No Quality, WHS or Environmental System is perfect and no business is perfect. Problems may occur with the service you provide, your products, your processes, and your suppliers, the result being that stated requirements are not met. Those requirements might be stated in the specifications for the product, the service level agreements, a regulatory body, or your own internal procedures.

In the language of management systems these problems are called non-conformances, but you may call them anything you like. It simply means that something went wrong – a problem has occurred and needs to be addressed.

A non-conformance could be identified through, for example, customer complaints, regulatory authorities, work, health & safety incident reports, environmental incidents, audits, incoming material inspections or simply during normal monitoring activities.

ISO 9001 for Quality, ISO 14001 for the Environment, ISO 18001 and AS/NZS 4801 for WHS all require that you have a written non-conformance procedure and keep records of the issues you identify and the actions taken. This procedure needs to explain how you:

  • Identify the problem.
  • Determine the extent of the problem – how much has been made, how bad is it.
  • Determine when and how a non-conformance is recorded – in some circumstances if the problem can be fixed immediately it need not be recorded as a non-conformance.
  • Prevent the problem material, product-in-progress, finished product, or service from being used until it is fixed or scrapped – for example by placing a special label on it, by placing it in a special area set aside for defective products.
  • Where it is fixed, how you check that it now complies – normally the product or service would go through the same checks as “good” products and services.
  • Come up with the solution – how you are going to fix the problem.
  • Implement the solution – who will be responsible for implementing the solution and when must it be done by.
  • Evaluate whether the solution was effective – that it actually fixed the problem.
  • Determine whether further corrective action is necessary to address the root cause of the problem.

These solutions tend to be reactive – something has gone wrong and these are the actions taken to deal with the problem as quickly as possible. For example:

  • A customer is unhappy about the service they received so you call them to discuss and resolve their issue.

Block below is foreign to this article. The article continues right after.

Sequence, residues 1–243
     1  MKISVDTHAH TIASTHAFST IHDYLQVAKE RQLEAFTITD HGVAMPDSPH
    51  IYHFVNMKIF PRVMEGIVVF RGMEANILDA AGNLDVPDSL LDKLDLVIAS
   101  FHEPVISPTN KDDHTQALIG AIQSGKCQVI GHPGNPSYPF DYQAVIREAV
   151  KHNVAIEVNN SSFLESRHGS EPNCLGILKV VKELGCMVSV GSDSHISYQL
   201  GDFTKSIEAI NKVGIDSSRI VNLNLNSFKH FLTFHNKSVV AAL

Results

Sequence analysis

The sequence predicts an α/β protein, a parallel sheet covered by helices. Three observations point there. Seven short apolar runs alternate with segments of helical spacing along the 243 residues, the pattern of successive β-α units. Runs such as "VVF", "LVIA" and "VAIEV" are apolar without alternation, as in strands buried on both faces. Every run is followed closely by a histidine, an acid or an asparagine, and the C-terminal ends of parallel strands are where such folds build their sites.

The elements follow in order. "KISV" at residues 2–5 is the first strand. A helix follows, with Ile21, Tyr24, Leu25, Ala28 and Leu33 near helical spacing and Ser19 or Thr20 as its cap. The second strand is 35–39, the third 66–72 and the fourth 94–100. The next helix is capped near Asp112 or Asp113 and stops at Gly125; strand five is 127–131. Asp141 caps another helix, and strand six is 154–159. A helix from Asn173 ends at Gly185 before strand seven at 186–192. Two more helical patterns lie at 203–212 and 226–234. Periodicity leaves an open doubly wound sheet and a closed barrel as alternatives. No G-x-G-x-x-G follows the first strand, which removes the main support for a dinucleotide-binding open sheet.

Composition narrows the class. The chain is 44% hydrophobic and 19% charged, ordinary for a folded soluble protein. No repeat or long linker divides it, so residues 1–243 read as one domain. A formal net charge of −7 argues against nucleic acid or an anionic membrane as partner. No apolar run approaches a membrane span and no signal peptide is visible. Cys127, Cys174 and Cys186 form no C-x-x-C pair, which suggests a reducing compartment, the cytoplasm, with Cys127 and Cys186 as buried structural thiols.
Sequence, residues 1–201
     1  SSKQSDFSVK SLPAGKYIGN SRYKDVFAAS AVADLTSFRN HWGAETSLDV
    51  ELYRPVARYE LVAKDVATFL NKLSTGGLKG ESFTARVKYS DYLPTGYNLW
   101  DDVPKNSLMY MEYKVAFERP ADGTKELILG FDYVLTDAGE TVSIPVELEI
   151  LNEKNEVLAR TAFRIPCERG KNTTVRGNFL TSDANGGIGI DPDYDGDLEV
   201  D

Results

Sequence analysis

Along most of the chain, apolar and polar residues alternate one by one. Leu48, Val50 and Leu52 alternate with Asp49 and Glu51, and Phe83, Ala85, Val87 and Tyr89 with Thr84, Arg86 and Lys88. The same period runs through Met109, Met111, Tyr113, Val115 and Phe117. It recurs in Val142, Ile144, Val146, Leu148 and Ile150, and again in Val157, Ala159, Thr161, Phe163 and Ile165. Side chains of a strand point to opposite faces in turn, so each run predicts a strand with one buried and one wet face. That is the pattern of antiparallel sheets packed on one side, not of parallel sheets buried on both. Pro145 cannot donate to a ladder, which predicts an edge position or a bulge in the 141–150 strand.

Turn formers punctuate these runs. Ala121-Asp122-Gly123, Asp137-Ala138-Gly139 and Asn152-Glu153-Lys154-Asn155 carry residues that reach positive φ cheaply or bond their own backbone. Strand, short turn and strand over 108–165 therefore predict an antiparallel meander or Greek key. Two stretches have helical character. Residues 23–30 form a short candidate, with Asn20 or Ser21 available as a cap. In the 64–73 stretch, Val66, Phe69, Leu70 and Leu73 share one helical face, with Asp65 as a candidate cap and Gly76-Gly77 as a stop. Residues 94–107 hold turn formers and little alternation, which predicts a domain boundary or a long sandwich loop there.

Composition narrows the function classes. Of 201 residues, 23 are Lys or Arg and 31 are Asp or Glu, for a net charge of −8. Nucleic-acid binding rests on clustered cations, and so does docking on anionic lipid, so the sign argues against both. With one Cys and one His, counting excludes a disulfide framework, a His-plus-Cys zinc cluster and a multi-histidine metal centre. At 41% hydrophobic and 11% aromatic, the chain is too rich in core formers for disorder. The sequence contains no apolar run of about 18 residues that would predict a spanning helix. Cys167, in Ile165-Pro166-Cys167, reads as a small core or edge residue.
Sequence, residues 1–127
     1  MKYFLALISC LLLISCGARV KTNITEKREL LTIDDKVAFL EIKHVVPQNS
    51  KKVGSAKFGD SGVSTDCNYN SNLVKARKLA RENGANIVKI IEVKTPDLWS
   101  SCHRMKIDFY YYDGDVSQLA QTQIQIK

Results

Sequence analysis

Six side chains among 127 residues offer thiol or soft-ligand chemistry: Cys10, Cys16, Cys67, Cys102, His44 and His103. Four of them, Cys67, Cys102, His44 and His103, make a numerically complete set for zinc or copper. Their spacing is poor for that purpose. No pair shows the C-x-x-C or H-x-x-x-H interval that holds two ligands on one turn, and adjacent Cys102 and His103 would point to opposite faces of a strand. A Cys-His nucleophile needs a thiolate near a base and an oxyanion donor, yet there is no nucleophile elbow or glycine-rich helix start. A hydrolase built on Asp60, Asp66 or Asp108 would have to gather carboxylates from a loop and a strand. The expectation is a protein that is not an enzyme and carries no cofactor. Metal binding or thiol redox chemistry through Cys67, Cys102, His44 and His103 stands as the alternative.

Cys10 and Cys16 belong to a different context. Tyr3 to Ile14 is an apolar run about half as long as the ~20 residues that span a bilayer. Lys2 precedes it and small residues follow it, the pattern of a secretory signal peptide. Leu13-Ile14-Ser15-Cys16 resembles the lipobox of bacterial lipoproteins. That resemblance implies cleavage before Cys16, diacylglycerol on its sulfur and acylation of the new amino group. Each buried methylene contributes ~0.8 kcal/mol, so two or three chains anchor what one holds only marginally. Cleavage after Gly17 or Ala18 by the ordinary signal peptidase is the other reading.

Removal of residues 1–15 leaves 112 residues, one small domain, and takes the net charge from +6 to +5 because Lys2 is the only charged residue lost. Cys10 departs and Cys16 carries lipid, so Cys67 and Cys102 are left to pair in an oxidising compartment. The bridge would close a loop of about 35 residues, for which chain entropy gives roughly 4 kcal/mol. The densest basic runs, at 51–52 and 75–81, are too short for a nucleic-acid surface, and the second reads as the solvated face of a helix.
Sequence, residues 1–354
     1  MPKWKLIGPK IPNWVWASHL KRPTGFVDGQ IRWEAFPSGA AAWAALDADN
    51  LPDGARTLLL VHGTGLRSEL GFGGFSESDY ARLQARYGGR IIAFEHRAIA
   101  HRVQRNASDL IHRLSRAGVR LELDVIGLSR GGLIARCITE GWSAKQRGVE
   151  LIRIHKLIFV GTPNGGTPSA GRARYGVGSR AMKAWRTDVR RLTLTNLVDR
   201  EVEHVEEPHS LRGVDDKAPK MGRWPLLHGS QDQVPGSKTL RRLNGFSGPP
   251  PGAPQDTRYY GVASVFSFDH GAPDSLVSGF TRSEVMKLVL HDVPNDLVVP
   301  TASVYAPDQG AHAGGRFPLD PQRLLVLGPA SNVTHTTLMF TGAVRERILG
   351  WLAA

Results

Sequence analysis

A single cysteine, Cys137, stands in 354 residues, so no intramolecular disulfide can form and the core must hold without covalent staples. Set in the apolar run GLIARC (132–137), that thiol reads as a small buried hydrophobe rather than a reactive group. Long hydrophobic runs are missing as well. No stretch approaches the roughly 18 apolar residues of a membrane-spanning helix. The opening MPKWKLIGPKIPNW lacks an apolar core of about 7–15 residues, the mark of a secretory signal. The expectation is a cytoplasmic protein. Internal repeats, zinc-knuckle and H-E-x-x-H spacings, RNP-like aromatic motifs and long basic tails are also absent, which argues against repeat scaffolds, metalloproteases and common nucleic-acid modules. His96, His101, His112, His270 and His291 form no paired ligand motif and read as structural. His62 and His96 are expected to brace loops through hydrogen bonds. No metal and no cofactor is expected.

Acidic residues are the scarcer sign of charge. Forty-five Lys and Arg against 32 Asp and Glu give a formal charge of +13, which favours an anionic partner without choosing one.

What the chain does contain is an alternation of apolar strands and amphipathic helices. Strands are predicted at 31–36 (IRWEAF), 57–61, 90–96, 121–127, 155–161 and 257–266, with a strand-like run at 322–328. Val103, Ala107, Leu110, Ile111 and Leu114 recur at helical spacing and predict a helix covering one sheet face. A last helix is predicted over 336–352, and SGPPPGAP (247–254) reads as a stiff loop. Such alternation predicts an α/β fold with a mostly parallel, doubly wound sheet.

• The temperature of cold raw materials is greater than 5oC so you send the delivery back.
  • Waste water samples have not been taken for a day so you retrain the person who was meant to take them.
  • During a WHS inspection you find emergency exits are obstructed so you have the objects removed.
  • A product doesn’t meet the required safety standards and has to be recalled.

The standards also require that you record your non-conformances, actions taken and review of effectiveness. Normally a single page Non-conformance Report and/or a Non-conformance Register is used. If a Non-conformance Report is used then some of the information in it usually needs to be transferred to the Non-conformance Register/Log so that you can track them. Whenever possible, I prefer to use a Non-conformance Register/Log because it reduces the amount of ‘paperwork’. This is simply a table in which you list all the details of the non-conformance, your solution, who is responsible for implementing the solution and by when, and the review of effectiveness. I usually do it in Excel as then I can filter the non-conformances which helps in determining where to focus my corrective action efforts and how to best address the root cause. Customer complaints are also non-conformances and can be handled in this way although most businesses prefer to record them separately.

But wait, there’s more. Dealing with non-conformances effectively means not just finding the quick-fix solution but also taking corrective actions to ensure it doesn’t happen again, and again, and again. This leads one to the corrective action requirements in another clause in the Standards. More about this in the next article.